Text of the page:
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Dravby JM Bernatz from a Sketch by D? Barth

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Chap. LVII.



own hints with regard to the state of his health are taken into account.

In the evening, my old friend Módibo 'Ali, and the mother of A'bú, the elder and more warlike brother of the present ghaladíma, who was slain by the Góberáwa two years before my visit to this place, treated me hospitably, and I sent a present to Saídu, a younger son of Bello, who resides in Sokoto, and is considered as a sort of mayor.

It was the great market-day, which was Friday, of some importance to me, as I

April 22nd. good many things, so that I was obliged to send there a sum of 70,000 shells; but the market did not become well-frequented or well-stocked till between two and three o'clock in the afternoon, when I myself proceeded thither. I had taken a ride in the morning through the south-eastern quarter of the town, proceeding through the kófa-n-Atíku, thence along the wall, towards the west, and re-entered the town by the kófa-n-'Alí Jédu, where the whole quarter is very desolate, even the wall being in a state of decay, and the fine mosque, built by the gedádo during Clapperton's stay here, fallen entirely to ruins. But, even in the present reduced condition of the place, the market still presented a very interesting sight, the numerous groups of people, buyers as well as sellers, and the animals of various descriptions, being picturesquely scattered over the rocky slope, as I have endeavoured to represent in the plate opposite. The market was tolerably well attended, and well

supplied, there being about thirty horses, three hundred head of cattle for slaughtering, fifty takérkere, or oxen of burden, and a great quantity of leather articles (this being the most celebrated branch of manufacture in Sókoto), especially leather bags, cushions, and similar articles, the leather dressed and prepared here being very soft and beautiful. There were more than a hundred bridles for sale, the workmanship of which is very famous throughout all this part of Negroland ; but especially a large quantity of iron was exposed for sale, the iron of Sókoto being of excellent quality and much sought for, while that of Kanó is of bad quality. A good many slaves were exhibited, and fetched a higher price than might be supposed,—a lad of very indifferent appearance being sold for 33,000 shells; I myself bought a pony for 30,000. It being just about the period when the salt-caravan visits these parts, dates also, which usually form a small addition to the principal merchandise of those traders of the desert, were to be had; and I filled a leather bag, for some 2000 shells, in order to give a little more variety to my food on the long road which lay before me.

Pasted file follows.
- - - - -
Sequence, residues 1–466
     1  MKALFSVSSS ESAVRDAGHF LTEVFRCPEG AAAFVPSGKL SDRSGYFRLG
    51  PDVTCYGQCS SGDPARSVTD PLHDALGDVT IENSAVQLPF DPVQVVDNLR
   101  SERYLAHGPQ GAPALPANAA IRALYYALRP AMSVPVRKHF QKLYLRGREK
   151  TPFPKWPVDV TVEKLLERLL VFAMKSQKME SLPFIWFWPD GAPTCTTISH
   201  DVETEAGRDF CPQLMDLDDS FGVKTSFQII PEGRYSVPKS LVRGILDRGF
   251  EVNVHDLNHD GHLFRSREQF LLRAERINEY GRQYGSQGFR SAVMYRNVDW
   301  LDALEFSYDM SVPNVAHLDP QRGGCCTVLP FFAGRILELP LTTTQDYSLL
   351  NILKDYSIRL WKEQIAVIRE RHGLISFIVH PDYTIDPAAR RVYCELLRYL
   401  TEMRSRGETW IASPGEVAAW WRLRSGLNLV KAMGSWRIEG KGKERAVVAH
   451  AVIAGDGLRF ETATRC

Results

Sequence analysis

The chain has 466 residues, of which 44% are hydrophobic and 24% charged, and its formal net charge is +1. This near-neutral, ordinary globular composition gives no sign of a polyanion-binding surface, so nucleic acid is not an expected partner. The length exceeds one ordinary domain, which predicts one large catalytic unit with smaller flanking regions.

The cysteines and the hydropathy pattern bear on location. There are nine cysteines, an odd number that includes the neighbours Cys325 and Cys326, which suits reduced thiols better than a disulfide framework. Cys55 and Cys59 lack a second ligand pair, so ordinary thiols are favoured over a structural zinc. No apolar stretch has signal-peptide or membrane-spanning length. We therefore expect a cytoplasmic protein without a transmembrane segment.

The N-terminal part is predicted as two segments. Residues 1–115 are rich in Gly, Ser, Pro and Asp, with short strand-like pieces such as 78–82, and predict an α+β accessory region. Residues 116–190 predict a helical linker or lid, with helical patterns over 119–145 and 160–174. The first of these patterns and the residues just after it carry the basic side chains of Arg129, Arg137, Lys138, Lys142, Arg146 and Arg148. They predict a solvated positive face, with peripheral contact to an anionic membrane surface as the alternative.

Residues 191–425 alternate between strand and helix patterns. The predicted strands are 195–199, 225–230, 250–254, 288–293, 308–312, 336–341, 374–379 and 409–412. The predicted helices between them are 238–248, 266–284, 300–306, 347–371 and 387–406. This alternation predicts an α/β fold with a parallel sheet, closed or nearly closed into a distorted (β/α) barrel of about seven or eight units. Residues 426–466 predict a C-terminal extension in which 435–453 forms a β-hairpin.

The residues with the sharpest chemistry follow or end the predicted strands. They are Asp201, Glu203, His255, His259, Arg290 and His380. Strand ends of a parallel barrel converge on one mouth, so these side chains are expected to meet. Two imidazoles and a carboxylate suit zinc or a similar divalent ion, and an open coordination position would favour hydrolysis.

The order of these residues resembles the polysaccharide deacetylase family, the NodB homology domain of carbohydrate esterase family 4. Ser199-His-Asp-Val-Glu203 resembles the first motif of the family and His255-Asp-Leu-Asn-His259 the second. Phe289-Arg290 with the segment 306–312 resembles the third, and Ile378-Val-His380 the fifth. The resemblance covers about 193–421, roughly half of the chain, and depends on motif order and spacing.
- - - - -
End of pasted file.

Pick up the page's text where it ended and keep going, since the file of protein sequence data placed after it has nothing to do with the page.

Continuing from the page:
I took another interesting ride through April 23rd.

the kófa-n-Dúnday, not following the direct road to that village, which lies close to the junction of the gulbi-n-Ríma with the gulbi-n-Rába, but not far from the decayed northern wall, and thus crossed a considerable channel, a branch of the river, full of water, being even at the present time about fifteen

Char. LVII.



yards wide, and a foot and a half in depth, and then, keeping away from the village, reached the other branch, which was narrower but more richly bor. dered by bushes, and, following it up in an easterly direction, reached the point of junction, or “megangámu.”

The whole valley here formed one uninterrupted rice-field; and how different was the aspect of the country from what it exhibited on my home journey, at the end of the rainy season of the following year! A number of small boats were lying here, at the side of the narrow channel, but all of them separated into two halves, which had to be sewn together when their services were required for the rainy season. From this point I crossed over to the road leading to the village of Koré, where, two days later, a party of Kél-geres made a foray; and returning along this road towards the town, at a distance of about five hundred yards from the wall, we crossed another small arm of the river, which during the rainy season forms an extensive swamp. Leaving then the kófa-n-Koré on our right, we turned round the north-eastern corner of the wall, and ascended towards the kófa-n-Marké, which has received this name from a tree of the marké kind, although at present none are to be seen here. On the next page is a sketch of a ground-plan of the town.

Altogether my visit to Sókoto formed a most interesting intermezzo to my involuntary stay in the capital, although it could not fail to give me a fur.

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